The occupation ended early Tuesday morning. In resolving the occupation, the administration and WAAS released a joint statement on housing, which stated that the administration would enact an option for larger “concentrations” of black students in housing, including for first-years, and provide centralized dining. Furthermore, the administration agreed to meet all of WAAS’s other demands; however, both WAAS and the administration claimed that neither had compromised its principles, and that the failure for the two sides to agree initially was rooted in poor communication on both sides.
1980 cross burning
Other issues that spurred activism arose throughout the ’70s. In particular, black students occupied Snack Bar for two-and-a-half hours in 1972 in response to perceived racial discrimination by the Snack Bar staff, and in 1978, the Thursday Night Coalition began a movement demanding that the College divest itself of South African stocks in response to Apartheid.
However, in the fall of 1980, the campus was forced to confront far broader issues of racial discrimination. On the evening of Sautday, Nov. 1, the day of Homecoming, about 40 students saw a pair of “shrouded figures” light a cross and “a semicircle of flame” and then apparently flee to a car (“Campus Shocked by Burning Cross,” Nov. 4, 1980). There were suspicions that the cross-burners were targeting the Black Student Union (BSU) party in the Weston Language Center next door. The College did not inform students until Sunday at 4 p.m., when administrators held a meeting with most of the College’s black students, who were upset that they had not been not informed earlier.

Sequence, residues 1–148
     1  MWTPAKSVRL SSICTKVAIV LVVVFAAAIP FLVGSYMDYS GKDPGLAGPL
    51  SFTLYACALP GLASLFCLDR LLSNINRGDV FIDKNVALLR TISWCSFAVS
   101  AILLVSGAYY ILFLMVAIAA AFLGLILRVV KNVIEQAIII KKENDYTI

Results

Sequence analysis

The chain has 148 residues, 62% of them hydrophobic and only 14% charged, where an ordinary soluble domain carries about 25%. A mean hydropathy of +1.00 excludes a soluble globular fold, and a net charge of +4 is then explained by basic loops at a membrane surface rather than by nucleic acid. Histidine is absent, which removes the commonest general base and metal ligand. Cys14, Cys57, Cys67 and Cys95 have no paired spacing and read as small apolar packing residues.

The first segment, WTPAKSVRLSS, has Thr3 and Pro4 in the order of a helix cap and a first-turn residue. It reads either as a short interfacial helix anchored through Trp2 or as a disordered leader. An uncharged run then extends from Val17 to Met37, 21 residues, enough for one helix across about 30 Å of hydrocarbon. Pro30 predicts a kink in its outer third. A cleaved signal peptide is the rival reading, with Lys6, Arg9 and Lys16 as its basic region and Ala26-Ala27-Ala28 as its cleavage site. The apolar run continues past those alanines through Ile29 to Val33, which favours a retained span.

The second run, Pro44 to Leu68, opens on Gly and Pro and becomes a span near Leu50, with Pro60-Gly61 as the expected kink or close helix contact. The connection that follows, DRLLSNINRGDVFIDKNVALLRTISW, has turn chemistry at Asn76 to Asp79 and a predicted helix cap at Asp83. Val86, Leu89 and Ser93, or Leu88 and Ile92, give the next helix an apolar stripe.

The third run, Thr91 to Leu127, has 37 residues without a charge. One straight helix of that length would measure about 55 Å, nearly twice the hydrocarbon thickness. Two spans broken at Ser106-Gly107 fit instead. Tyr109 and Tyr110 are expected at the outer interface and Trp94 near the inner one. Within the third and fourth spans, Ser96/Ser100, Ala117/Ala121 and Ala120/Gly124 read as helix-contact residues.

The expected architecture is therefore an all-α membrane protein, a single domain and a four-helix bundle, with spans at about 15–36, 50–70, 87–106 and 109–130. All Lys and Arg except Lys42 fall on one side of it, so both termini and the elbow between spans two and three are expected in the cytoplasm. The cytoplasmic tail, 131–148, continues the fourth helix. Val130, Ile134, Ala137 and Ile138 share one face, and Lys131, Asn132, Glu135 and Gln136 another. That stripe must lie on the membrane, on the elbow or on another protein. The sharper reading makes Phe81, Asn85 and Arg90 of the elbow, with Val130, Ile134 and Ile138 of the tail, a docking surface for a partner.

There was a rally of about 1200 students on Monday, during which President John Chandler gave a speech. On Wednesday, the BSU library in Mears House was ransacked, and a potential moratorium on classes was discussed throughout the week. On Friday, the Faculty Steering Committee discussed the moratorium and decided to recommend against it, and in response, the BSU – supported by some faculty – called for a boycott of classes the following Monday.
However, the course of events was changed over the weekend after black students received threatening notes, and Chandler received threatening letters signed by the Ku Klux Klan and postmarked Nov. 5 in Cleveland. Chandler decided on Sunday to call for a moratorium on classes the upcoming Tuesday. There was a large gathering of over approximately 1300 students in Chapin Hall, and students then broke up into 30 smaller groups to discuss issues of racial discrimination at the College.
Creation of the MCC
In the spring of 1988, a group of students again occupied an administrative building in pursuit of an expanded engagement in issues of diversity on the part of the College. An array of students from underrepresented backgrounds from the College’s branch of the Coalition Against Racist Education (CARE), a national movement, made a set of 13 demands of administrators to address minority concerns on campus on March 4. The list of demands included the creation of a multi-cultural center, better admissions recruitment processes for minority students, the hiring of more minority faculty and a specific dean for minority concerns and the implementation of a mandatory course for all students exploring the minority experience. They met with administrators on March 17, at which point President Francis Oakley agreed to parts of 13 of the demands.